It’s another trip around the sun for two major players in our solar system, but the path they are charting will make for impressive and historic viewing experience for stargazers and professional astronomers.
Every twenty years Jupiter passes Saturn on its way around the sun, causing them to appear close in the sky – an event known as the Great Conjunction. What makes this a particularly momentous occasion? Proximity, explains Trent University Physics & Astronomy professor, Dr. David Patton.
“This Conjunction is unusually close. It is about 800 years or so since they have been so close together in the night sky,” explains Professor Patton, who goes on to explain how astronomers were able to predict the timing of The Great Conjunction.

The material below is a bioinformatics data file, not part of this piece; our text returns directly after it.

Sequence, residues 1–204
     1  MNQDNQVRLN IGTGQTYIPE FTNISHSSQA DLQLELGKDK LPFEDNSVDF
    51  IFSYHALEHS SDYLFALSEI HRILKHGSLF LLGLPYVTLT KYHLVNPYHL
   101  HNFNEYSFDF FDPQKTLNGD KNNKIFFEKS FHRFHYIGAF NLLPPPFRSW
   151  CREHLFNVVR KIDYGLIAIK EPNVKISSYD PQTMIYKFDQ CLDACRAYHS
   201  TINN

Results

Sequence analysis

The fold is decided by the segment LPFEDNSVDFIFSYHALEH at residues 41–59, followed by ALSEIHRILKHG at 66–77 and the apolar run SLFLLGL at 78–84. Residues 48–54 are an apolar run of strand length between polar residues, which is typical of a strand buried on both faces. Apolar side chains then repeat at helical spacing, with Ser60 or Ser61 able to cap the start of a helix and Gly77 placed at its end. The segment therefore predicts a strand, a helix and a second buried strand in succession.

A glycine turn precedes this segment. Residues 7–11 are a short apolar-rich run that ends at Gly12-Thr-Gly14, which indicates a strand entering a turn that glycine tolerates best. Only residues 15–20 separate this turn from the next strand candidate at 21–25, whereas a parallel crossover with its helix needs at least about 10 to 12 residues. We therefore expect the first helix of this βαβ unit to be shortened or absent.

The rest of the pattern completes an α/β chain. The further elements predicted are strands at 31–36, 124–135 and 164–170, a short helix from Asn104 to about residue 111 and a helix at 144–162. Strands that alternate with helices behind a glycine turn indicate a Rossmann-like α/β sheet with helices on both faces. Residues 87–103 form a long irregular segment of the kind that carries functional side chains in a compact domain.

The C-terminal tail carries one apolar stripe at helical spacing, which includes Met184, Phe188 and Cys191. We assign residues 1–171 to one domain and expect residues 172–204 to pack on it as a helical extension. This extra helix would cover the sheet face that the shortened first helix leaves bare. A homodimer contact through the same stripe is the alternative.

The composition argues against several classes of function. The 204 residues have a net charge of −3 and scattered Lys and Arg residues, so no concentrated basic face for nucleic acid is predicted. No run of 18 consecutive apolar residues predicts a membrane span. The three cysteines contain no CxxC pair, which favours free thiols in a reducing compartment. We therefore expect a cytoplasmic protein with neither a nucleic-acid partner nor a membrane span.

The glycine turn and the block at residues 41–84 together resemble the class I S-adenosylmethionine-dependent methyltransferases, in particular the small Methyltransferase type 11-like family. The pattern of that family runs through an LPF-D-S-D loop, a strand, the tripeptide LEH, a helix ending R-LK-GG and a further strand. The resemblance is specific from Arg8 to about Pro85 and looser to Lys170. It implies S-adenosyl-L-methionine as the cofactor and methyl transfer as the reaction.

“We understand the orbits of the planets really well, they move in a very predictable fashion. […] They are subject to the force of gravity which we understand well. With that methodology, astronomers have been able to predict today’s events and it is happening right on cue.”